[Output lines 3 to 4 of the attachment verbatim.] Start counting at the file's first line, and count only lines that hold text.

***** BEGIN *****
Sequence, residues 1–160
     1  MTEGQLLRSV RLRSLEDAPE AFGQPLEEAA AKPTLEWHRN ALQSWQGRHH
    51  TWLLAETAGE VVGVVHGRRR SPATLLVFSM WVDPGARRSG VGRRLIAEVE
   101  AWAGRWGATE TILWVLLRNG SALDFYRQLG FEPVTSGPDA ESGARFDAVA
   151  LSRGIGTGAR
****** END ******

    51  TWLLAETAGE VVGVVHGRRR SPATLLVFSM WVDPGARRSG VGRRLIAEVE
   101  AWAGRWGATE TILWVLLRNG SALDFYRQLG FEPVTSGPDA ESGARFDAVA